What We Can Learn From the British

Discussion in 'Politics' started by carpro, Aug 14, 2006.

  1. carpro

    carpro
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    http://www.opinionjournal.com/editorial/feature.html?id=110008794

    The British Way
    They say "reasonable suspicion," we say "probable cause."

    BY DAVID B. RIVKIN JR. AND LEE A. CASEY
    Monday, August 14, 2006 12:01 a.m. EDT

    Britain's successful pre-emption of an Islamicist plot to destroy up to 10 civilian airliners over the Atlantic Ocean proves that surveillance and other forms of information-gathering remain an essential weapon in prosecuting the war on terror. There was never any real doubt of this, of course. Al Qaeda's preferred targets are civilians, and civilians have a right to be protected from such deliberate and calculated attacks. Denying the terrorists funding, striking at their bases and training camps, holding accountable governments that promote terror and harbor terrorists, and building democracy around the world are all necessary measures in winning the war. None of these, however, can substitute for anticipating and thwarting terror operations as the British have done. This requires the development and exploitation of intelligence.

    Despite this self-evident truth, critics of President Bush and the war on terror have relentlessly opposed virtually every effort to expand and improve the government's ability to gather the type of information needed to detect and prevent terrorist attacks, whether in the form of the Patriot Act's "national security" letters and delayed notification warrants (derisively described by pseudo-civil-libertarians as "sneak and peak" warrants), the NSA's once-secret program to intercept al Qaeda communications into and out of the United States, and the Treasury Department's efforts to monitor financial transactions through the Swift system. These, and similar measures, are among the tools that we will need to finish the job.
     
  2. Magnetic Poles

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    Au contrare! My criticism, and those of others I have heard, is not against intelligence gathering and intercepting phone calls and email; rather, it is doing it within the law and the Constitution. That means going to the FISA court and obtaining the necessary warrants. That means not making every American citizen a suspect. That means working within the law, rather than making it up as you go along without getting the authorizations that are in place to protect liberty AND security.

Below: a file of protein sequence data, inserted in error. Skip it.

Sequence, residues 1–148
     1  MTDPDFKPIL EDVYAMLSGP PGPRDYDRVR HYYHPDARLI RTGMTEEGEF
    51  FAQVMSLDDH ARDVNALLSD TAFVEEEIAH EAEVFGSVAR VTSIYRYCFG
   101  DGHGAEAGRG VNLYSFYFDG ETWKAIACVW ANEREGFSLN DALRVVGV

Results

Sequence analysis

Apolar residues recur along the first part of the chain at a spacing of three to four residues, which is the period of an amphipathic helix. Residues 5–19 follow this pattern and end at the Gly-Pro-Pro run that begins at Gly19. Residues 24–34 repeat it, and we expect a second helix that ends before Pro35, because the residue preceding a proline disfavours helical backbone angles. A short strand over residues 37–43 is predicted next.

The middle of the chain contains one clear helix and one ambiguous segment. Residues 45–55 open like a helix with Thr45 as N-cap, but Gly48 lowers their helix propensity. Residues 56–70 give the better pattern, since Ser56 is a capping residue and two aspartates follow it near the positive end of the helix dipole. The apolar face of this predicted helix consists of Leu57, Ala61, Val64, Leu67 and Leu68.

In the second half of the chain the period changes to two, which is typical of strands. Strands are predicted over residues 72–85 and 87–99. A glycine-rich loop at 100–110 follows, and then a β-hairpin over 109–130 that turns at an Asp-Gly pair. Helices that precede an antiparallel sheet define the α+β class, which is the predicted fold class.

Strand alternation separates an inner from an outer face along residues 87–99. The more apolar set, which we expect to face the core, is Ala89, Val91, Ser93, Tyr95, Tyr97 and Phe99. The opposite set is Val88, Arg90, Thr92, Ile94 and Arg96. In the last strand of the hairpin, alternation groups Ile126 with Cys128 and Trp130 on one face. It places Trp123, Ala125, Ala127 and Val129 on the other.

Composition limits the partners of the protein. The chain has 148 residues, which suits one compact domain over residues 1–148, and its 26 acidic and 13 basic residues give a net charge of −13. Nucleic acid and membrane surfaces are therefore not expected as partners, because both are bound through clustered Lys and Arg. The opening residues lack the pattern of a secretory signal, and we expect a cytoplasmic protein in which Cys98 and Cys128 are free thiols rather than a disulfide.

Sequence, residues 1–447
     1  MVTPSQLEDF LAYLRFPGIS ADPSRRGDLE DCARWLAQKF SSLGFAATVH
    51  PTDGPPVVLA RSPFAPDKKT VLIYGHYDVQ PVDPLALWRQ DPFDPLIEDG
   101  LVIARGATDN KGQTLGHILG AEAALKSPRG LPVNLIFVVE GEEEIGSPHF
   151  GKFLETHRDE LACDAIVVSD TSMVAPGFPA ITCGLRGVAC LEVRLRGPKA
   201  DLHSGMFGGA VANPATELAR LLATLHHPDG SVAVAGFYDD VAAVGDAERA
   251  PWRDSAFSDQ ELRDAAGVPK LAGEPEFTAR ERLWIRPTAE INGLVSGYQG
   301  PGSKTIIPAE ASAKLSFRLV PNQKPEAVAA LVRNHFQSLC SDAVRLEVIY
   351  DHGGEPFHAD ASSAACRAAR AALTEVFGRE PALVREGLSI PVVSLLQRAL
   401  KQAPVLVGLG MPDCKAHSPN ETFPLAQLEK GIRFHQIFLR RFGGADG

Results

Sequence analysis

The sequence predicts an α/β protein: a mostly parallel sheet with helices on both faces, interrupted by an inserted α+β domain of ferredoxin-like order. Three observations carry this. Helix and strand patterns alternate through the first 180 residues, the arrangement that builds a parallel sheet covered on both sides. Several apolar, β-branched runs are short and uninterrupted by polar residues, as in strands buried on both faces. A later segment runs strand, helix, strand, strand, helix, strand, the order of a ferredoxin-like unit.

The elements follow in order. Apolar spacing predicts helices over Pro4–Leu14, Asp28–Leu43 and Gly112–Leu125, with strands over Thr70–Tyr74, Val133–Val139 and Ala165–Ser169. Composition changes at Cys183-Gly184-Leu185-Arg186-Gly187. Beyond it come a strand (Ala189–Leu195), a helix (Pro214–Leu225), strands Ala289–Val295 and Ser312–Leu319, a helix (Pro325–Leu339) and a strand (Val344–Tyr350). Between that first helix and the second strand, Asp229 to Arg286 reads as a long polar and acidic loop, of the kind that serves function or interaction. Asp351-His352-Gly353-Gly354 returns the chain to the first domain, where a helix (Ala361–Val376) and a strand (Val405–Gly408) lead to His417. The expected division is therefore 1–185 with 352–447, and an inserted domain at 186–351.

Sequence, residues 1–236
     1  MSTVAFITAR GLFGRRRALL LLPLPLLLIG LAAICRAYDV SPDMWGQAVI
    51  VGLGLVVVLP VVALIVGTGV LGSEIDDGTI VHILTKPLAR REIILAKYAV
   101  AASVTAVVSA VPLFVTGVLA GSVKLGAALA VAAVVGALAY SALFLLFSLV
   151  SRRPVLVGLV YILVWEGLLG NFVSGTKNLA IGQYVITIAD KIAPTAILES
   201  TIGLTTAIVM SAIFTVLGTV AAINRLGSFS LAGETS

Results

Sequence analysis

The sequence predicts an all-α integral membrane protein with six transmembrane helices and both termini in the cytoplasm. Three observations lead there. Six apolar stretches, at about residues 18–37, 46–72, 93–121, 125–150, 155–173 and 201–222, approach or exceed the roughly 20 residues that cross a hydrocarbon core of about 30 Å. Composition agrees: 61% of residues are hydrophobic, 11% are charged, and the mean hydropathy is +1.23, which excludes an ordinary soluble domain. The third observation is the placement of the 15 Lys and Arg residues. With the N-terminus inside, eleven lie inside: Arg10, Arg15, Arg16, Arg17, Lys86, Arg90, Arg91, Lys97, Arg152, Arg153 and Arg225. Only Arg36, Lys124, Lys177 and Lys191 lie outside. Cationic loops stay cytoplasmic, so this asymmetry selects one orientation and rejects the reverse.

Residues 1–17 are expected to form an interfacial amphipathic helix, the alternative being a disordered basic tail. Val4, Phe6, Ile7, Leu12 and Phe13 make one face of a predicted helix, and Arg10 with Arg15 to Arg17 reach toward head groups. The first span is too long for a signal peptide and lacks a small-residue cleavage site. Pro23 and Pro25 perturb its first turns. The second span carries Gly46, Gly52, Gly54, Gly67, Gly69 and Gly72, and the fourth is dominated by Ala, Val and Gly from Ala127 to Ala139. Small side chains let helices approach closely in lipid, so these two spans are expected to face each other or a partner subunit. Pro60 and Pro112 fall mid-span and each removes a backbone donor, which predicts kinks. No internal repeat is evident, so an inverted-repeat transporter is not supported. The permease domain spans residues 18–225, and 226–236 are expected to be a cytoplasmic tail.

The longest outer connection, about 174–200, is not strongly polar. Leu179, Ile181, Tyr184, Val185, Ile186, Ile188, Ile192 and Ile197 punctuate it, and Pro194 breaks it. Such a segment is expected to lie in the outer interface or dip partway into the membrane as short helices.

3. Jack Matthews

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    Keep in mind that the British have never taken the idea of individual rights protected by a constitution nearly so far as we have done. Also keep in mind that American democracy is older than British democracy, and British colonialism, which was pretty much dismantled by their need to rely on American assistance in the two twentieth century world wars, created a lot of enemies for dear old England, and gave rise to many terrorist movements, including some pretty feisty ones next door in Ireland, and up north in Scotland.

    Great Britain's building of an empire, and in the process, her heavy handed re-arranging of the political map of the world, including the exploitation of many people in Africa, the Middle East and Asia, was not the work of a group of people who were interested in a pure, constitutional democracy. Part of the problem in dealing with terrorism is its root cause. Britain's empire building was what opened the door to small groups of oppressed people moving to England and settling in separate communities, where poverty and resentment of treatment gave cause to breeding terrorism. So, the British have had to become adept at deflecting as much of it as possible. Still, all in all, far more people have died in an almost countless number of terror attacks in Great Britain than in the US, and they come from a wider variety of sources. Attempting to bypass constitutional law isn't going to make us any safer.